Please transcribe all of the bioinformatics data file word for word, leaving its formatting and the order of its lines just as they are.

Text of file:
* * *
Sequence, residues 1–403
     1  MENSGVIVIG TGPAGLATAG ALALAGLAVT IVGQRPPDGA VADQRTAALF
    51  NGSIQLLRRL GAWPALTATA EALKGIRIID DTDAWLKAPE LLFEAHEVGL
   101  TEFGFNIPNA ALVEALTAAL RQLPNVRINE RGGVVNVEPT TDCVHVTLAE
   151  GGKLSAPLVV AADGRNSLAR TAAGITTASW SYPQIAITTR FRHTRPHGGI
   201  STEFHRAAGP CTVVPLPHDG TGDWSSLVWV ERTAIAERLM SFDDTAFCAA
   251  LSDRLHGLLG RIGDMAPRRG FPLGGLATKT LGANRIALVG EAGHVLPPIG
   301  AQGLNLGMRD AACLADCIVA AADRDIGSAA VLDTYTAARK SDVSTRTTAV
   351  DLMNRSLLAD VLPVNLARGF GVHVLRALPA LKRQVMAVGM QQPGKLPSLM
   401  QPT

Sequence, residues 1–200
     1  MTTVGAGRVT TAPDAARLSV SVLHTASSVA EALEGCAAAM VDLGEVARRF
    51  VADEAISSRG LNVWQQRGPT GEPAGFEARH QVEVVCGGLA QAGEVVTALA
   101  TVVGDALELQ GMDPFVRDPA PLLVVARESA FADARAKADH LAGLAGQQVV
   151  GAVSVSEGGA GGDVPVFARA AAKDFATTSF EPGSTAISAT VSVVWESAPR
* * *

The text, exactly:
Sequence, residues 1–403
     1  MENSGVIVIG TGPAGLATAG ALALAGLAVT IVGQRPPDGA VADQRTAALF
    51  NGSIQLLRRL GAWPALTATA EALKGIRIID DTDAWLKAPE LLFEAHEVGL
   101  TEFGFNIPNA ALVEALTAAL RQLPNVRINE RGGVVNVEPT TDCVHVTLAE
   151  GGKLSAPLVV AADGRNSLAR TAAGITTASW SYPQIAITTR FRHTRPHGGI
   201  STEFHRAAGP CTVVPLPHDG TGDWSSLVWV ERTAIAERLM SFDDTAFCAA
   251  LSDRLHGLLG RIGDMAPRRG FPLGGLATKT LGANRIALVG EAGHVLPPIG
   301  AQGLNLGMRD AACLADCIVA AADRDIGSAA VLDTYTAARK SDVSTRTTAV
   351  DLMNRSLLAD VLPVNLARGF GVHVLRALPA LKRQVMAVGM QQPGKLPSLM
   401  QPT

Sequence, residues 1–200
     1  MTTVGAGRVT TAPDAARLSV SVLHTASSVA EALEGCAAAM VDLGEVARRF
    51  VADEAISSRG LNVWQQRGPT GEPAGFEARH QVEVVCGGLA QAGEVVTALA
   101  TVVGDALELQ GMDPFVRDPA PLLVVARESA FADARAKADH LAGLAGQQVV
   151  GAVSVSEGGA GGDVPVFARA AAKDFATTSF EPGSTAISAT VSVVWESAPR